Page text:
Her favourite episode was Sand, written by Tanith Lee. Of all the Blake's 7 writers, Lee may have had the best understanding of Servalan's complex, multi-faceted character. She and Jacqueline were friends, and the script for Sand blurred the lines between fact and fiction, weaving in aspects of Jacqueline's personality and a real life anecdote. Jacqueline told Horizon that the episode was appropriate to her personal life, depicting a side of Servalan that hadn't been seen before and needed to be shown.

Much has been written about Servalan's costumes, with countless comments regarding high heels and sand dunes. The intial design had been for a military-style outfit, but Jacqueline suggested that Servalan's costumes should be ultra-feminine. The white outfits in the first two series were meant to contrast the evilness of the character, while the black in series three were symbolic of mourning her 'psychic miscarriage' in Children of Auron. She wore red in the Series 2 episode Gambit, because all the other characters were in black and white. Her costumes were glamorous, and became more flamboyant as the series progressed, especially those designed by Nicholas Rocker (or 'Rocky Knickers', as Jacqueline called him).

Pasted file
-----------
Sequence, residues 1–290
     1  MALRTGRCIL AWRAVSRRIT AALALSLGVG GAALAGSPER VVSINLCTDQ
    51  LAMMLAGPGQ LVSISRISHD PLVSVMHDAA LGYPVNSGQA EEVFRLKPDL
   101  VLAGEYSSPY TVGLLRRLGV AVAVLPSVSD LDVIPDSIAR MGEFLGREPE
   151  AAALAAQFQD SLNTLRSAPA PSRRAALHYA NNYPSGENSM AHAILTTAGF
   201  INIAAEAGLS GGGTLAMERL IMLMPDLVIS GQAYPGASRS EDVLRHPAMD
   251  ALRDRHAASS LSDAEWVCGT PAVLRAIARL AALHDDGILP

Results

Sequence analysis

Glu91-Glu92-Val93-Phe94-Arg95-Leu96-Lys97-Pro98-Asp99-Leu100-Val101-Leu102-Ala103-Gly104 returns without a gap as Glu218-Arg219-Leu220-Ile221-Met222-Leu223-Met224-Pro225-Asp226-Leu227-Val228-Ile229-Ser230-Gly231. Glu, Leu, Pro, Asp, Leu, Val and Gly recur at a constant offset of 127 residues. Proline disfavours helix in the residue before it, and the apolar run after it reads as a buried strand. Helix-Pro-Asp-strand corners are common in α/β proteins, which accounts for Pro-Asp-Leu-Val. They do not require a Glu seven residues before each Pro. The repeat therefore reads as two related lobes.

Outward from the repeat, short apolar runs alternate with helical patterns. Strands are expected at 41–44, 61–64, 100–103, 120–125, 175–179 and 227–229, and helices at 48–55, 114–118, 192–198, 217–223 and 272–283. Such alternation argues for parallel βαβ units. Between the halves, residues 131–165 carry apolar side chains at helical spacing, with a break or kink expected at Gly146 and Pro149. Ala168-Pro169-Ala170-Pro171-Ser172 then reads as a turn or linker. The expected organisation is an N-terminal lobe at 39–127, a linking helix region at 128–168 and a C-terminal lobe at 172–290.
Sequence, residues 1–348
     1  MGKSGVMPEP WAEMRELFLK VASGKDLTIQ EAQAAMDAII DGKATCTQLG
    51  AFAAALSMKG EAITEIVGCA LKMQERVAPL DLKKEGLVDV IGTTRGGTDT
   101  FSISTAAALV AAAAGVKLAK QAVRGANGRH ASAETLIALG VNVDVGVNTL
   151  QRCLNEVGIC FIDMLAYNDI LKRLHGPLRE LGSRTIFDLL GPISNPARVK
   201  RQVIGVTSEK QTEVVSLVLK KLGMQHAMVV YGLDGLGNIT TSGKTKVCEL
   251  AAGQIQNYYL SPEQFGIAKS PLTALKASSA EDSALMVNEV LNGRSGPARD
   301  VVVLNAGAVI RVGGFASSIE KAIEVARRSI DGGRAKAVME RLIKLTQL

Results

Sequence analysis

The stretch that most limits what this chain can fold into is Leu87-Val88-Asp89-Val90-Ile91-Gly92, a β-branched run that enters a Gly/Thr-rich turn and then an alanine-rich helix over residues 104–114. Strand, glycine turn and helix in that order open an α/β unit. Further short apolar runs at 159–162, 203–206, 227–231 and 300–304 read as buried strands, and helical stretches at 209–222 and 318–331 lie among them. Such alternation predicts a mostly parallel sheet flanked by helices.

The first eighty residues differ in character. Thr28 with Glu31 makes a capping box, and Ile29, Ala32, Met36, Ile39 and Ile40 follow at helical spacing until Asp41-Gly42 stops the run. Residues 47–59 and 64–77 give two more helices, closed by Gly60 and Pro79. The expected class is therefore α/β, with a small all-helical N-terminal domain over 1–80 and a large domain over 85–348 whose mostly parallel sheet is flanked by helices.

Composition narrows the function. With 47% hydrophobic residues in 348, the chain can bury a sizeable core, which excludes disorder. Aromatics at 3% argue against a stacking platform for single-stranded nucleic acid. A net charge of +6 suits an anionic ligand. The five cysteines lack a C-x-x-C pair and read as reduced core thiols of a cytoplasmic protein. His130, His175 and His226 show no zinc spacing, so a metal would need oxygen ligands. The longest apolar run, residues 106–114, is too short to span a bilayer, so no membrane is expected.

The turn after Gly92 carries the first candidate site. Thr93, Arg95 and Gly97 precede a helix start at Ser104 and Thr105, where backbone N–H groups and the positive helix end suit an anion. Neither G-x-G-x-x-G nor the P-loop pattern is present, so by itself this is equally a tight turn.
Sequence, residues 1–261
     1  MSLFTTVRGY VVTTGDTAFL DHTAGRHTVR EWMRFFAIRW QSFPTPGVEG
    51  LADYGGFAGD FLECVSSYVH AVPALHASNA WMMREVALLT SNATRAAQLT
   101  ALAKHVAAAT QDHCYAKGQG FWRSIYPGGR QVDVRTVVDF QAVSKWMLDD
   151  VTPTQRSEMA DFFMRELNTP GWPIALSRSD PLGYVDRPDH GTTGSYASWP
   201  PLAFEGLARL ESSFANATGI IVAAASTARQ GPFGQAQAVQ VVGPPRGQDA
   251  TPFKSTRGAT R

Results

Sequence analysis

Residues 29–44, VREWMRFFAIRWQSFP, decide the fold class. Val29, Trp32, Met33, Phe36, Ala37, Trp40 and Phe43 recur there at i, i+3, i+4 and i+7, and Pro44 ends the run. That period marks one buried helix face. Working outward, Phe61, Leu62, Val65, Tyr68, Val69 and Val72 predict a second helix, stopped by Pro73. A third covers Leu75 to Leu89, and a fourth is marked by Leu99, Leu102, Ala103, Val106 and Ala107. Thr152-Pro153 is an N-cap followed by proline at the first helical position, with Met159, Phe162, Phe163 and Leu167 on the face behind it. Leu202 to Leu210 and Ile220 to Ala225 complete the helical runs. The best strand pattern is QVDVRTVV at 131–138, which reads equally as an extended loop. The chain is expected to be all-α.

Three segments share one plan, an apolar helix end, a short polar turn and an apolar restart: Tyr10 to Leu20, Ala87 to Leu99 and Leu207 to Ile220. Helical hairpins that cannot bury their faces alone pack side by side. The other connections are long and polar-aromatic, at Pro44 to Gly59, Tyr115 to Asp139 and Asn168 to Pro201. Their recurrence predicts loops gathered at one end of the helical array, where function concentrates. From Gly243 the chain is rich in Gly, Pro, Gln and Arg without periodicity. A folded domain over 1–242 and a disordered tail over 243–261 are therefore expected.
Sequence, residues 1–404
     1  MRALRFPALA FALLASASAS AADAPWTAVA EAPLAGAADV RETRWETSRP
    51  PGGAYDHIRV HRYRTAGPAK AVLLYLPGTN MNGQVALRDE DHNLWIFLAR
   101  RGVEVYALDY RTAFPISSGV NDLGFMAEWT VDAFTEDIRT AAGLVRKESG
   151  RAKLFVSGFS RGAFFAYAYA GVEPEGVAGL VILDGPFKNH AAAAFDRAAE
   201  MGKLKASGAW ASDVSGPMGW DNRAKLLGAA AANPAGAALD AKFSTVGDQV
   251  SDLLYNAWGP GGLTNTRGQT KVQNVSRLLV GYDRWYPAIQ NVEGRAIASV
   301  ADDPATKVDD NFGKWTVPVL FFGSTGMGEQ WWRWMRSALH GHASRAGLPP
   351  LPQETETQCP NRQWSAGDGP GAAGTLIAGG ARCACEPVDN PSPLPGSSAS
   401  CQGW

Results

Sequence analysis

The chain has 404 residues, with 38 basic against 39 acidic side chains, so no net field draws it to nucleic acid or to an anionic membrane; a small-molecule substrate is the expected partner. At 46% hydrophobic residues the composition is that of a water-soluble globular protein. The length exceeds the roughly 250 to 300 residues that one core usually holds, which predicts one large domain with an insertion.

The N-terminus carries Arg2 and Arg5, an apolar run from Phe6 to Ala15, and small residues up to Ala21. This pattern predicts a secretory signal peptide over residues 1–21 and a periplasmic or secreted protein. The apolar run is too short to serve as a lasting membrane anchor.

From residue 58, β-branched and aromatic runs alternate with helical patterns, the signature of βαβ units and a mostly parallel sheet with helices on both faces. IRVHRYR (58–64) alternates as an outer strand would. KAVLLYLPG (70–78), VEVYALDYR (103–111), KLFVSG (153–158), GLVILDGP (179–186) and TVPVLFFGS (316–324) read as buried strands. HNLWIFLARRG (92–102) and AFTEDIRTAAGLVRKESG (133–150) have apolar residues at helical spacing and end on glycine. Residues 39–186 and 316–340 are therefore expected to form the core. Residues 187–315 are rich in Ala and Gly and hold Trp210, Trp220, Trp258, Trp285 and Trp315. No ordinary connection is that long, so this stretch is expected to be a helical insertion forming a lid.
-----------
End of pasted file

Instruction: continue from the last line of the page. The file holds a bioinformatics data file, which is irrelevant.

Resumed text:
After Blake's 7, Jacqueline's TV roles included Chessene in the 1985 Doctor Who story The Two Doctors with Colin Baker and Patrick Troughton. She played Miss Raven/Miss Vole in the children's drama Moondial, which she described as 'scary and quite erotic'. In 1991 she played Miss Pendragon ('Servalan with a different hat') in Dark Season, the first TV series written by Russell T. Davies, starring a young Kate Winslett. Jacqueline's last TV drama role was Elspeth Lang in two episodes of Casualty in 2006.

Over the years, Jacqueline appeared with some of her fellow cast members on TV specials and game shows. In 1980, she and Paul Darrow competed in ITV's sports-based Star Games. She was amused that she'd had to be removed from the archery round after nearly shooting someone in the eye. In 1991, she was a guest on the Jonathan Ross show, together with Gareth Thomas and Michael Keating; their first TV reunion since the series ended. She competed together with Michael Keating in Pointless Celebrities 1970s Special in 2016.

Jacqueline's later movie roles included Idina in White Mischief and Lady Apthorpe in Princess Caraboo with Kevin Kline.

She loved working in Africa on White Mischief. She told Horizon: "It was the most amazing, the most erotic country Iíve ever been to. The Masai were oh, so beautiful - and they had never seen a white person before. When I walked on to the set, the Africans said, 'Who is she? We are not afraid of her; she is one of us.' I loved them, and left with great reluctance."